Ex-McGill hospital boss Arthur Porter arrested in Panama
Onetime head of spy-agency watchdog accused of fraud in $1.3B Montreal mega-hospital scandal
Arthur Porter, the former head of Canada's spy-agency watchdog and the onetime CEO of McGill University's hospital network, has been arrested in Panama on fraud charges.
Porter and his wife, Pamela, have been detained by Panamanian authorities, several months after Quebec police announced they wanted to charge him in connection with the province's ongoing corruption scandals.
The pair's arrest was announced in a statement Monday by Quebec's anti-corruption police watchdog, which said the operation was carried out with the help of the RCMP, Interpol and Quebec provincial police.
"Extradition proceedings are being undertaken against the two," the statement said.
Porter, who received prestigious appointments from different levels of government and was nearly honoured with a street in his name, is accused of being at the heart of a scandal involving the $1.3-billion McGill University Health Centre (MUHC) mega-hospital project in Montreal, the largest of its kind in Canada.
Porter claimed to be in cancer treatment
Porter is a radiation oncologist and had been treating himself for terminal lung cancer in Nassau, Bahamas.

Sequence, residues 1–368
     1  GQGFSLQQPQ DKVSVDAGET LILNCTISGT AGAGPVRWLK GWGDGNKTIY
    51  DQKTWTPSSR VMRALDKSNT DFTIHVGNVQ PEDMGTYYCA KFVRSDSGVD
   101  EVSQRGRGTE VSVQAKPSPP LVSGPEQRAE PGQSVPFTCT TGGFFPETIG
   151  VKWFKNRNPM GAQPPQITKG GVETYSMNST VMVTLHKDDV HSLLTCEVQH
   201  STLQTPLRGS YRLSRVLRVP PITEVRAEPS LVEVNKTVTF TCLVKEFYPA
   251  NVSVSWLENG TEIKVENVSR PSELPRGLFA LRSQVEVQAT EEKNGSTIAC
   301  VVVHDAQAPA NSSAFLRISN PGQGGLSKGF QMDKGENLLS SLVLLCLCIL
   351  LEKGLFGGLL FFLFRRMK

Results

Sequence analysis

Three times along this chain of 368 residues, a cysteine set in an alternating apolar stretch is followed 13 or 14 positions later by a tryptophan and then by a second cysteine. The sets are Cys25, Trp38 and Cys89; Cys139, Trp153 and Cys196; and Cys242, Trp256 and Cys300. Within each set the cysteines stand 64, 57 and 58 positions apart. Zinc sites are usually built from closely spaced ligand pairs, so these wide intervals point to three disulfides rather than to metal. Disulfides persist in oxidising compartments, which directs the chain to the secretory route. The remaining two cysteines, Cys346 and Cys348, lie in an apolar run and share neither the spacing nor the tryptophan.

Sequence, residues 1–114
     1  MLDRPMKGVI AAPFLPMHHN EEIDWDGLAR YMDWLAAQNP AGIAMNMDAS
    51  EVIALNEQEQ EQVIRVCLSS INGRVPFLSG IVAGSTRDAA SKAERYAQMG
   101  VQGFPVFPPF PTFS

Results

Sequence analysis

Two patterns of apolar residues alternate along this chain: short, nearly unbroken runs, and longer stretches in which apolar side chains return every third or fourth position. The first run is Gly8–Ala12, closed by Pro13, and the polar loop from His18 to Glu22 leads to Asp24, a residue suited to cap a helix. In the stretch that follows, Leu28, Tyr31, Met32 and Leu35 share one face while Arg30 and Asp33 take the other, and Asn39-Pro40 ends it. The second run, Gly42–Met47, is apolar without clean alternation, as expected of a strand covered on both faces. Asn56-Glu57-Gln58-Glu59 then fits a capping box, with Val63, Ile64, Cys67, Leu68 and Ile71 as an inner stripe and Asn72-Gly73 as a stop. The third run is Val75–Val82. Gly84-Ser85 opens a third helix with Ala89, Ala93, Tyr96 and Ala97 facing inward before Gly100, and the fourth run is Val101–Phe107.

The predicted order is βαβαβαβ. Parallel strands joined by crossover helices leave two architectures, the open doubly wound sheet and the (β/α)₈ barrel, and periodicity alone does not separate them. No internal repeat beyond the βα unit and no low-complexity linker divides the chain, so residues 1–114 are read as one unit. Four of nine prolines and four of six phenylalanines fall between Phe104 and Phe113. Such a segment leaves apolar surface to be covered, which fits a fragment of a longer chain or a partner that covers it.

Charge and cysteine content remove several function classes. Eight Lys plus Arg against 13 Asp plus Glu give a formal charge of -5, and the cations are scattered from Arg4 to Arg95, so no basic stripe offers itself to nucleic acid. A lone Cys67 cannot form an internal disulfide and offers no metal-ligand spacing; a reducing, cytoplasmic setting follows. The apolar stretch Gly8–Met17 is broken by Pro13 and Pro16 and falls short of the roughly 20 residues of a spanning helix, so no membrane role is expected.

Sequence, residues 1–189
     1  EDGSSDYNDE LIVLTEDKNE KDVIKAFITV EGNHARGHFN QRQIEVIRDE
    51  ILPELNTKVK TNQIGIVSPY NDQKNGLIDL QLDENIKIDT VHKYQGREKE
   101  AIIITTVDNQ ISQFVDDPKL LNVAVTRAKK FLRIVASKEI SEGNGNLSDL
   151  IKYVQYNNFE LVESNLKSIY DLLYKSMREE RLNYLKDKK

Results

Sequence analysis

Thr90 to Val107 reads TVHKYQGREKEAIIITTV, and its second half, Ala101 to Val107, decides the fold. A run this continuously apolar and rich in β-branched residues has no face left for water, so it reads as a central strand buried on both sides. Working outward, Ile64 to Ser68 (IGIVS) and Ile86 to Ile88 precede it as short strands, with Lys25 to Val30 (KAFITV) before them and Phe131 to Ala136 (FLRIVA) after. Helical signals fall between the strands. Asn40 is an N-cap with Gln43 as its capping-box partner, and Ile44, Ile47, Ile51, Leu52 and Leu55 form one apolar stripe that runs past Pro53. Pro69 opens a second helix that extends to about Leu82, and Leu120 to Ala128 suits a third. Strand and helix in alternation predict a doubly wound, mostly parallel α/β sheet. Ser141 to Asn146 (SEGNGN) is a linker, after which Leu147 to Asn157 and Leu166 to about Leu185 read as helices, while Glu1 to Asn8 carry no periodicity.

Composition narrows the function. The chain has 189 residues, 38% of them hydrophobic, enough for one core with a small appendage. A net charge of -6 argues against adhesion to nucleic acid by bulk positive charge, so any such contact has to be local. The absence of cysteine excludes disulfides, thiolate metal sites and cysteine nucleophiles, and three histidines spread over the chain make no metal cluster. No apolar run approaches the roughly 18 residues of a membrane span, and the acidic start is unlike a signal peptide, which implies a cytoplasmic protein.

He previously told media that he had late, Stage 4 cancer and was too ill to travel to Canada.
Porter faces multiple charges, including:
- Conspiracy to commit government fraud.
- Abuse of trust.
- Secret commissions.
- Laundering the proceeds of a crime.
His wife is facing charges for laundering the proceeds of a crime and conspiracy.
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Porter resigned as CEO of the MUHC in late 2011, less than a month after he resigned as chair of the Security Intelligence Review Committee, which monitors the Canadian Security Intelligence Service (CSIS), after his ties to a controversial lobbyist became public.
Prime Minister Stephen Harper has said Porter's alleged criminal acts had nothing to do with the work he did for the government of Canada.
Warrants issued for Porter, 4 others
Last February, UPAC issued warrants for Porter and four other men suspected of conspiring to defraud the MUHC:
- Former MUHC director Yanai Elbaz.
- Former CEO of SNC-Lavalin Pierre Duhaime.
- Former SNC-Lavalin employee Riadh Ben Aissa.
- The still relatively unknown Jeremy Morris.
Around that time, the MUHC said it was cancelling plans to pave an "Arthur T. Porter Way" onto the hospital property.
A sixth man, Yohann Elbaz, was arrested in April on similar charges.
MUHC spokesman Ian Popple declined to comment on the extent of the case, saying only that "this is a police matter. Justice is following its course. The MUHC continues to co-operate with the authorities."
With files from The Canadian Press